Michael Steele, a math teacher at Franklin High School, was named as a Sacramento County Teacher of the Year on Aug. 24.
The Sacramento County Office of Education announced his honor during an awards dinner at the Hilton Sacramento Arden West Hotel. His fellow honoree is Brandon Parker, a language arts teacher at Sacramento’s Albert Einstein Middle School.
Steele was also named as a Teacher of the Year in the Elk Grove Unified School District in May. He was among other Teachers of the Year from school districts across the county at the Aug. 24 ceremony.
Steele told the Citizen that before the ceremony, he didn’t think about the possibility that he could be named a County Teacher of the Year. He then saw his parents, relatives, colleagues, childhood friends, and 13 former students at the dinner.
“It really hit me,” Steele said.
He mentioned that he chose an awards speech that didn’t seem emotional at first, but its tone changed when he saw his large number of supporters.
Steele grew up in Elk Grove where he attended Harriet Eddy Middle School and Laguna Creek High School.
He recalled that he had little interest in math until he took Mr. Knock’s math class at Eddy Middle School.
“He was gruff and loud, and he was funny,” Steele told the Citizen in May. “Somewhere along the way I just enjoyed learning and thinking about these things, and he made me feel like I was good at the subject.”
He noted that he became interested in being an educator at age 15 when he started teaching baseball to children.
Steele went on to study mathematics at the University of California, Davis, and he learned his teaching credentials through the Teachers Education Institute, a program organized by the Elk Grove school district and San Francisco State University.
“Math isn’t necessarily the most engaging subject to every student – many feel frustrated. They don’t like the abstraction of it and they feel it doesn’t apply to their everyday life,” he said. “I like turning that on its head.”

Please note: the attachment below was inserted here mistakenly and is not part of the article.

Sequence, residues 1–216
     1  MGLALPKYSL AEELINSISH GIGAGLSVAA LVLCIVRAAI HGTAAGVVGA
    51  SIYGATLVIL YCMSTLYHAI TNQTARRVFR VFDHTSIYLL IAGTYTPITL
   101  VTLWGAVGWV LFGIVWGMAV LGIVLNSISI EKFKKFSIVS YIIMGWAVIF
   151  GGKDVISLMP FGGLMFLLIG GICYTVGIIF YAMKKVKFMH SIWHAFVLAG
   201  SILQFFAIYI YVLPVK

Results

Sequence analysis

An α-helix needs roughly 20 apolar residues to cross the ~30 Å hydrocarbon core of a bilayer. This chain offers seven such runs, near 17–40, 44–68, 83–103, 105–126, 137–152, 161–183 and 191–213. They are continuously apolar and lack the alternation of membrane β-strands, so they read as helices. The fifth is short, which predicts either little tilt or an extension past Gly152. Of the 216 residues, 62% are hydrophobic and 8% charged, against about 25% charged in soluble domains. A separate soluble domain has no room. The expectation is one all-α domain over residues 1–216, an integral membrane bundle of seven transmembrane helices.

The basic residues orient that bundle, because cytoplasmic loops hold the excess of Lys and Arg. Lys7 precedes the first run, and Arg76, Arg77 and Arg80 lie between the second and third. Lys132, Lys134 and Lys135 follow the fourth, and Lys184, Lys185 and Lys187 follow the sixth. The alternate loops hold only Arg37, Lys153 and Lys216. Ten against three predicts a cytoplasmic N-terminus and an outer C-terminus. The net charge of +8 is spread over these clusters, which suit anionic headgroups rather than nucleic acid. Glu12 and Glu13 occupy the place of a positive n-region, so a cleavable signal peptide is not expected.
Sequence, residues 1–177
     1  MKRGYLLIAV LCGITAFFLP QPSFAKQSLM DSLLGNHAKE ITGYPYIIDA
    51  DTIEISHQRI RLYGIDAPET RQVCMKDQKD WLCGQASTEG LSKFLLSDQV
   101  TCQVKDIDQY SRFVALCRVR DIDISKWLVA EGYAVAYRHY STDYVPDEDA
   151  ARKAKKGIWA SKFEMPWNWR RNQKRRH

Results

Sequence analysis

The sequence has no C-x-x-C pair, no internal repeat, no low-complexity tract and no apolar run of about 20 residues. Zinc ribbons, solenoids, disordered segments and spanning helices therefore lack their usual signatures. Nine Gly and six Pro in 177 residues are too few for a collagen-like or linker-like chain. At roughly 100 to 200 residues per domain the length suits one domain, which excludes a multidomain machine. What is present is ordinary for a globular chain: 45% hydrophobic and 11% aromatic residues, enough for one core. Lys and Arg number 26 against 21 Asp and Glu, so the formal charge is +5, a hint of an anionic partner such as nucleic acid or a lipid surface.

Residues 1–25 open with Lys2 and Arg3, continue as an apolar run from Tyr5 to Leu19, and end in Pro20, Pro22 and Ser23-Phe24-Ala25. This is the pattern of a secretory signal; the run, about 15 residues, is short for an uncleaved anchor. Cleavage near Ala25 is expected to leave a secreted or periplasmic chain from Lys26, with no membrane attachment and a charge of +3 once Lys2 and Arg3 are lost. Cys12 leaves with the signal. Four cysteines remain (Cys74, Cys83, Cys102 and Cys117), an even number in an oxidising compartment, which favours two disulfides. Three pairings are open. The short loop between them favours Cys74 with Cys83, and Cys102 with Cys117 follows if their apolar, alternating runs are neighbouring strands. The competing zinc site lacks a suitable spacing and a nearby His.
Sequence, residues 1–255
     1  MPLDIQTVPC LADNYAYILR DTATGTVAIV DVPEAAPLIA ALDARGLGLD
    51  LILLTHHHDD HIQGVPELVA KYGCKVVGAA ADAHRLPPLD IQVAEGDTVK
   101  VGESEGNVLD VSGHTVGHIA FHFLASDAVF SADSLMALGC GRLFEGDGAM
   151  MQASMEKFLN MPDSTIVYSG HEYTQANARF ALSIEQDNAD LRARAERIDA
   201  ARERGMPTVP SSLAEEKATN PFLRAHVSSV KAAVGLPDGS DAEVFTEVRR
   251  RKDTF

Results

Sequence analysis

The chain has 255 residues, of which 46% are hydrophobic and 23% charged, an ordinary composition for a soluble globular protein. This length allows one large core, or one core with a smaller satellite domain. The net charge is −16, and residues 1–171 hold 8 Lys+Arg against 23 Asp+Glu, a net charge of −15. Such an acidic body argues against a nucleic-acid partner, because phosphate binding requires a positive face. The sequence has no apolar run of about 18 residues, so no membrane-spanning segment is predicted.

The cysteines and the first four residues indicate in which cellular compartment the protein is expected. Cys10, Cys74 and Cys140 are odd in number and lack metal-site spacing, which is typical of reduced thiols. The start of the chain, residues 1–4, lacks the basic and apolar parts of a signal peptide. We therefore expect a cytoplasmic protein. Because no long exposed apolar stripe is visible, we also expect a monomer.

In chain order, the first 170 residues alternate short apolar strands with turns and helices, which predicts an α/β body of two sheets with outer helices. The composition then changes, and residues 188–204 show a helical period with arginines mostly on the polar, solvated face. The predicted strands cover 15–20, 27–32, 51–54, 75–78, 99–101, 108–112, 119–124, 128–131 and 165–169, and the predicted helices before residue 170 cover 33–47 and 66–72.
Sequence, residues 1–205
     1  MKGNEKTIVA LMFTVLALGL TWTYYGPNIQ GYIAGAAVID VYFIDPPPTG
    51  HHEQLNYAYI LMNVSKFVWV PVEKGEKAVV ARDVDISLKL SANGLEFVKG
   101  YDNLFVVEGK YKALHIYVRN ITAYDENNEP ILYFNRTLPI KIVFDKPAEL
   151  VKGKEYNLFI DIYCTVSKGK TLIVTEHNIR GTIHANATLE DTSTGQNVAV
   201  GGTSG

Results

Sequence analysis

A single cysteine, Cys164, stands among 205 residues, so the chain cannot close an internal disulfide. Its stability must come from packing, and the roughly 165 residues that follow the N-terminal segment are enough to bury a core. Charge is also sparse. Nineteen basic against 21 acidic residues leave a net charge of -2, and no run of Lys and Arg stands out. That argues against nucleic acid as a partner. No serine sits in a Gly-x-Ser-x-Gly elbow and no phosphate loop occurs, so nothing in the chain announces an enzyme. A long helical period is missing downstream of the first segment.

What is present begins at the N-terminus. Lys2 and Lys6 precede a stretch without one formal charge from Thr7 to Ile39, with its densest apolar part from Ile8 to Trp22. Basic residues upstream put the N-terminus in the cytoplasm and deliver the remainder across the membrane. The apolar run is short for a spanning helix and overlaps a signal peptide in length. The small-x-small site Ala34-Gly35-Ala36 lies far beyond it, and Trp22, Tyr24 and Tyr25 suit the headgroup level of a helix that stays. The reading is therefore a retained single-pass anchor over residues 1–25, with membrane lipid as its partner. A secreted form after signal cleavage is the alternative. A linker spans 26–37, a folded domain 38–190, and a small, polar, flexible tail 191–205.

During the Citizen’s visit to his classroom, there were walls covered with photographs of students who had high scores on the Advanced Placement exam. There were also thank-you letters from Stanford and MIT where a few of his students enrolled.
After becoming a Teacher of the Year in the Elk Grove school district, Steele competed at the county level by writing seven essays on his work as a teacher.
He said that two former students worked with him for more than a dozen hours to make sure that his writings were good enough for submission.
“I had a hard time getting started since I was in Summer Mode,” Steele recalled.
He noted that his essays will be thankfully forwarded to judges in the upcoming California Teacher of the Year competition where he will represent Sacramento County. Steele expects judges to visit his classroom and observe his work in October.
“It’s stressful…but it’s fun to open up the classroom,” Steele said.
George Helms, a teacher at Arnold Adreani Elementary School, was the last Elk Grove Unified teacher to win the county competition in 2016.